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Sophocles (c. 441 B.C.). The story of Antigone is part of the Oedipus legend. For aspiring writers, this play offers great challenges on how to write an essay, or even a narrower assignment: how to write a college essay.
The curse on the house of Labdacus not only brought about the double fratricide of Eteocles and Polynices but also involved their two sisters Ismene and Antigone. Both sons plotted to rule Thebes by turn, but when Eteocles refused to give up power to Polynices, they fought against each other-both died in battle.
Antigone, the heroic daughter of King Oedipus, insisted upon giving her brother Polynices (who had been named a traitor to the city of Thebes) the last human right, the rite of burial. Despite the fact that Antigone knew she was violating the ancient custom of denying burial to enemies and traitors, as well as the decree of Creon, her uncle, who had just succeeded to the throne, she went against tradition.
Sophocles endowed his heroine, Antigone, with the highest moral qualities, setting her up as an ideal heroine for all mankind to admire. Filled with an unmatched sense of duty based on close family ties, Antigone is unyielding. Her sister Ismene, in contrast, represents the law-abiding citizens' point of view, the view of the multitudes who dare not challenge deeply ingrained customs, traditions, and the law of the land.
But the climax of the tragedy is the encounter between Creon, the tyrant, and Antigone the martyr: physical power against spiritual strength. Representing the loyal people of Thebes is the chorus, as it expresses the logic of the plebeian everyday world; just like Ismene, they both submit to civil law.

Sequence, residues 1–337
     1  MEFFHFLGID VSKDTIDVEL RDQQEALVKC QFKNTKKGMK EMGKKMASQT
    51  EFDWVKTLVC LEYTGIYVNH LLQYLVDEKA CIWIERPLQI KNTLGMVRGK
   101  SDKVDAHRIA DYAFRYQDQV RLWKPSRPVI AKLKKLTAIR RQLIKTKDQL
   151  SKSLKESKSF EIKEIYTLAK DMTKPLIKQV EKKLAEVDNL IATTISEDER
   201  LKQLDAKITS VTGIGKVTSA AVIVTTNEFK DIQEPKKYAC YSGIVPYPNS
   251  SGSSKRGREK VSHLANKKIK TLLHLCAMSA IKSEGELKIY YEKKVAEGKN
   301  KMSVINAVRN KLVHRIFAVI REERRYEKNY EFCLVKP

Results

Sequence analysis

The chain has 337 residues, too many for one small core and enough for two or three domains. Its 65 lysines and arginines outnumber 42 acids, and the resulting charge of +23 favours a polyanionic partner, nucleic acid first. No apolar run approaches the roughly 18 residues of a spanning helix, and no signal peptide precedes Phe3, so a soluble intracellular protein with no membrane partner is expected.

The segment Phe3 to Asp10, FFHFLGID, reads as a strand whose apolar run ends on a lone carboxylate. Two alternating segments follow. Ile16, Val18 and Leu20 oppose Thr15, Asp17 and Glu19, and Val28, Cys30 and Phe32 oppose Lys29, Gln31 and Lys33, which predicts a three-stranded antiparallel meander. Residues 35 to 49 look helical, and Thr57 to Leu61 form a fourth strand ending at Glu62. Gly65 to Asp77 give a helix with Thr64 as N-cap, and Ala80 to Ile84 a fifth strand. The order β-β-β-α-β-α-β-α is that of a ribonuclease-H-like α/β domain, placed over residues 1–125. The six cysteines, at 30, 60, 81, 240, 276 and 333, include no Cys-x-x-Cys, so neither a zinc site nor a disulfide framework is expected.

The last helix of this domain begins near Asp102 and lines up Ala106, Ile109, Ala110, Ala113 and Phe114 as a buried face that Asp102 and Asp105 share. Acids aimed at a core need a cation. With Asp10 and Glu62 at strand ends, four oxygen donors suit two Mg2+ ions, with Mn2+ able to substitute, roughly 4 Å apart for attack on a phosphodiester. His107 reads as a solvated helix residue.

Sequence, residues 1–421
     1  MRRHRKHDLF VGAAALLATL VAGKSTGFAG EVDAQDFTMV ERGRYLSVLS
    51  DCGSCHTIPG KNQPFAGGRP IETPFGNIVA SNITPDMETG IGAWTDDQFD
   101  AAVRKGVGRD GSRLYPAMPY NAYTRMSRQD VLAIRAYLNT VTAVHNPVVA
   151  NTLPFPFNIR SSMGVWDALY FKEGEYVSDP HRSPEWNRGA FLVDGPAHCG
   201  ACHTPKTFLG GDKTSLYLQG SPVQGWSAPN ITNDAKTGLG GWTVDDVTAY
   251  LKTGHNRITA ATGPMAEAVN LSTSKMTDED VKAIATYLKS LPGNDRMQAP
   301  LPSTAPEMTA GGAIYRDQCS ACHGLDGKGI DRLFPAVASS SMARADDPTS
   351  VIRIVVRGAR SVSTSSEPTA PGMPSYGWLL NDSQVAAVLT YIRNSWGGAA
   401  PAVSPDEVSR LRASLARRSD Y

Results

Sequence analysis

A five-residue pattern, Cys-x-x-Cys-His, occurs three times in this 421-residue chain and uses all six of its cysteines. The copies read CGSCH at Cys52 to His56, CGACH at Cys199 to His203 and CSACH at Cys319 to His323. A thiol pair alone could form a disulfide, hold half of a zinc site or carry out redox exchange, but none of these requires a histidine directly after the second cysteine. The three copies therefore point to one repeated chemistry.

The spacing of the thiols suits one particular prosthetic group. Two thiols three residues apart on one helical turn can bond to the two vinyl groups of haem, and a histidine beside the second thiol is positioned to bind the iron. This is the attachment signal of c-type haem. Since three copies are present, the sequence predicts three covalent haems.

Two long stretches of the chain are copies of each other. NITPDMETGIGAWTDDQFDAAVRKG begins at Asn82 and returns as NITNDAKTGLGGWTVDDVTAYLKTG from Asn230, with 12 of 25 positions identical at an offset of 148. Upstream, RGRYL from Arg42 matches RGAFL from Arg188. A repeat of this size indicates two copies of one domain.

The denouement of the tragedy comes when Nemesis -a goddess- takes sides as well as Creon's family as punishment for his stubbornness, causing the great ruler to end up as a weakling ordinary man. Yet, Antigone must also lose her life.
Sophocles' attitude shows in the tragedy: the gods cannot allow the violation of the integrity and human dignity of man; transgression must not go unpunished. Rulers must not abuse his subjects with impunity, for it is a hundred times better to die as Antigone than to go on suffering an unjust human law. And though Creon finally sees Antigone's point of view, it is really too late, and the loss of life ensues right on stage: in the end Haemon (Antigone's beloved), his mother, and Antigone herself, they all commit suicide.
In the midst of much suffering and loss of life, Creon, the tyrant, remains standing and alive.
But Antigone is not to be understood as a perfect character. Her tragic flaw lies in her insolence toward civil authority. Yet her determination and the sheer spectacle of a young woman sacrificing love and live for an ideal will forever gain the sympathy of readers and audiences alike.
Writing conclusions are always difficult. In my view, the reader must be left with something to ponder. So, as an example of essay, with which to wrap up a conclusion, use a question:
The question remains, was Antigone a martyr saint, or simply a social activist?